Vancouver Real Estate Thinning

Slim is In

Put away those Smarties!

Slimming up or slimming down, will by default make your contribution to the world’s carbon footprint problem lighter. Slim is In could be the battle cry for those who want us to be greener, more eco-friendly or a convincing slogan to buy into Vancouver’s idea of eco-density. Without being lightheaded, the loss of personal weight offers triple incentive as the result will be a healthier, wiser population as we adapt to the new thin environment by leaving a smaller housing foot print.

Eco

Vancouver’s head long dash to be more ‘eco everything’ includes the plan to provide more housing at less cost, using less space within the city. By losing a few pounds or at least thinking thin, we may be able to adapt into our city landscape, the reality of thin houses.

Using current construction technique, ‘greener’ materials combined with superior architecture and city planning, a thin house for the new thin generation might be a solution.

Old News

This idea is nothing new. Thin houses have existed for a very long time. Look at this old beauty Charleston.

The Japanese were amongst the first to miniaturize everything. Well, maybe not the first, but they certainly were the most prodigious. For a number of years they’ve been to be doing the same with their homes and commercial buildings.

Back to the Future

If detached or attached inner city living is the wave of the future in Vancouver, that future may already be the present and ready to adapt to our requirements. All we need to do, is start thinking thin.

Links to great thin designs.

The 4 X 4 House

Garden and Sea

City Dweller(my name) by Apollo Architects

Ghost (the ultimate minimalist) Datar Architecture

and more – some old some new, but all worth the view.

About Larry Yatkowsky

Larry is a recognized real estate expert. A veteran professional, his experienced counsel leads Vancouverites in his west side community to place their trust in a man passionate about his work. Uncompromising ethics bring a balanced approach to realizing your real estate dreams.

When Life Moves You - contact Larry:

*Disclaimer: Statistics Courtesy REBGV. While believed to be accurate they are not guaranteed.
**Numbers provided may vary as they are dynamically posted by the REBGV.

Reader Comments:

Ron Usher Says:
July 6th, 2009 at 8:04 pm

If you’re talking thin then you have to mention the Sam Kee Building in our Chinatown now used by Jack Chow insurance.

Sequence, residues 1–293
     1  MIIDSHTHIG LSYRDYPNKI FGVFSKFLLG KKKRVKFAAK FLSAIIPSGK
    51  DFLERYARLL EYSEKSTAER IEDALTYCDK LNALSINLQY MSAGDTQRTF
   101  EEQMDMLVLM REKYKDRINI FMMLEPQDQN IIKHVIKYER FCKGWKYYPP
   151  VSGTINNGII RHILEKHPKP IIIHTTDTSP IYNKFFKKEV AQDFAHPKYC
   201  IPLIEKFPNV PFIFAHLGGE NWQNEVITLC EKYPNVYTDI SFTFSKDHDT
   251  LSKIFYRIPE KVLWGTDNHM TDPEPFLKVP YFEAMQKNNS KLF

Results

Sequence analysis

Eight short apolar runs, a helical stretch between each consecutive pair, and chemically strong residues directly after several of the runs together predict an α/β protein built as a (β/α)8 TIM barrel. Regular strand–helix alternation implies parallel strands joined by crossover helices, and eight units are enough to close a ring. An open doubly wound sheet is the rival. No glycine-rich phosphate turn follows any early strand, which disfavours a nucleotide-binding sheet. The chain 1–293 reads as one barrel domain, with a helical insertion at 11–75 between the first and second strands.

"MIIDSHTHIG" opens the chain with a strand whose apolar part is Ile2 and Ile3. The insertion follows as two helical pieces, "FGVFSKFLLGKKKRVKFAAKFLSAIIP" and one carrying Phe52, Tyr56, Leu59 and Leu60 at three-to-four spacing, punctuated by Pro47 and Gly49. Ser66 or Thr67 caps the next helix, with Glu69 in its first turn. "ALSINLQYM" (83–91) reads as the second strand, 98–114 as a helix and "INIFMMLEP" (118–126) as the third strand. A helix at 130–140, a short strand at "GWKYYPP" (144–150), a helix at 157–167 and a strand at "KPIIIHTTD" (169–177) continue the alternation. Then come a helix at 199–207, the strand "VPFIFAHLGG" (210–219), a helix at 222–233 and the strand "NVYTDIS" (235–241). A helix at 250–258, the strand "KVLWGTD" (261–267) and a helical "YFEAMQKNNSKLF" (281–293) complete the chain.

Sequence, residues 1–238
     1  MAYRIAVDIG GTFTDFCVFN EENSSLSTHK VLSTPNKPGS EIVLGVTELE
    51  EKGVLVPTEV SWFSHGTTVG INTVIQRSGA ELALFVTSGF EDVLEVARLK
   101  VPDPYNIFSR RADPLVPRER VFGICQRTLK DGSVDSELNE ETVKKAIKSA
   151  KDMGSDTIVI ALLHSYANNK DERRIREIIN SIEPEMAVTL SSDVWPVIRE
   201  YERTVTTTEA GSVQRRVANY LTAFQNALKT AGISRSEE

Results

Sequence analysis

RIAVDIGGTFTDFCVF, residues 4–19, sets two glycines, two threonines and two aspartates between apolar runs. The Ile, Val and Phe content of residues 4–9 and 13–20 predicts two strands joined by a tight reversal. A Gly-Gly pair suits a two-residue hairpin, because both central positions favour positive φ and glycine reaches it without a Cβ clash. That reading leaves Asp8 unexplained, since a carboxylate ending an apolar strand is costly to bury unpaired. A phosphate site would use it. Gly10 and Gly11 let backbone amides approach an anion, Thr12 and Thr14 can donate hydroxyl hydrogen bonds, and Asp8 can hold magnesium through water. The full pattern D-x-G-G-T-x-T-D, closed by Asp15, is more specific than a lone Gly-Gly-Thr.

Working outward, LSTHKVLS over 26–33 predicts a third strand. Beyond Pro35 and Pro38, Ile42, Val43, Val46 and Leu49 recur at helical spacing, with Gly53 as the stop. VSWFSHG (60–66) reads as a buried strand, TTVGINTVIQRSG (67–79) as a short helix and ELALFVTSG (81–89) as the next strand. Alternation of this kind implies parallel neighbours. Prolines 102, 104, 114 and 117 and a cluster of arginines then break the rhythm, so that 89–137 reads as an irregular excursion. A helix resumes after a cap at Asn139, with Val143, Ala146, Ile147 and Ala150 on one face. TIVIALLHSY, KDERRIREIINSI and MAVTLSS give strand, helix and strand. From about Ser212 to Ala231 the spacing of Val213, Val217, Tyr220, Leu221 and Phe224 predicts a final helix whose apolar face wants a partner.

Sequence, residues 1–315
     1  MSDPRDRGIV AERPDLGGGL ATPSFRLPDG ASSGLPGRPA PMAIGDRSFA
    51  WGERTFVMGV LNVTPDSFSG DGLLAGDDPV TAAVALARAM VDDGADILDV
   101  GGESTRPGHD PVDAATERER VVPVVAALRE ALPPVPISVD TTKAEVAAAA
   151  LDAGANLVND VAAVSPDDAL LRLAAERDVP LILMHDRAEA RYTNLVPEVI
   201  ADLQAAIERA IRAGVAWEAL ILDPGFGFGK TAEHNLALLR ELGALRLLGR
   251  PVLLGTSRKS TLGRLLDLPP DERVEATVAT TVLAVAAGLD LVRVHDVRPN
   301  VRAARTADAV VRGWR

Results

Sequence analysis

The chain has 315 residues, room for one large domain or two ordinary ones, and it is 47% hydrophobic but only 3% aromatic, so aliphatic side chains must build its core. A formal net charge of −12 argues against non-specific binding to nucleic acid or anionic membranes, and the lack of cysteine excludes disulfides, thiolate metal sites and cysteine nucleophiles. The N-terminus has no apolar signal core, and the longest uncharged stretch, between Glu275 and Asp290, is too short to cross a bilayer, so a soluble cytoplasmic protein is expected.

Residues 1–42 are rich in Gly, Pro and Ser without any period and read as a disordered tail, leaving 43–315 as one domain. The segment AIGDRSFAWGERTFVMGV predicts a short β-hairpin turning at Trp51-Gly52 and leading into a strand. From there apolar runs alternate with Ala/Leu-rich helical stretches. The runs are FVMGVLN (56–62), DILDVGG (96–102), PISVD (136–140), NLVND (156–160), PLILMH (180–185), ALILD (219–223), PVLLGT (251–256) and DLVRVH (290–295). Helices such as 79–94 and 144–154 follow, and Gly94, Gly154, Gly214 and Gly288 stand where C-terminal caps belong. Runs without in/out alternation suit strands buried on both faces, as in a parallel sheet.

For information on the “narrowest commercial building in the world” – see http://en.wikipedia.org/wiki/Sam_Kee_Building

Ron

July 6th, 2009 at 9:40 pm

Ron

Of course, while focused on residential eco-density the Sam Kee slipped out of mind. Many thanks for mentioning this marvelous piece of Vancouverism.

Crabby Pubis Says:
July 7th, 2009 at 12:00 pm

I think you may actually have a good point with this. I wouldn’t mind seeing thinner structures as it would make for quite an architectural marvel. Check these out:

http://designcrave.com/2009-06-22/10-brilliant-boxy-and-sustainable-shipping-container-homes/

July 7th, 2009 at 12:11 pm

Crabby,
Exactly! There are so many alternatives to recycle existing systems. With the help and ingenuity of desginer/architects the possibilities are before our eyes. As Ron kindly reminded me, we’ve had one of these marvels in the city for a long time.

Andrea C. Says:
July 8th, 2009 at 2:34 am

I’m really digging the the thin (and small).

This site is a treasure trove for small space architecture afficionados like myself:
http://www.littlediggs.com

July 8th, 2009 at 10:02 am

Andrea,
Great link to semi-mobile living. With variations the small homes in the mountains could be adapted to in-fill housing in the city. At the home show I only saw two local contenders. Both would occupy a big footprint on most lots in this city. I’ve been trying to find the link to a British firm that builds garages that are hydraulically controlled and allow you to park your car underground while giving you green space above. It’s an elevator arrangement that is totally hidden when the car is parked. Locally it might present some problems with hidden creeks and bogs but nothing is insurmountable.

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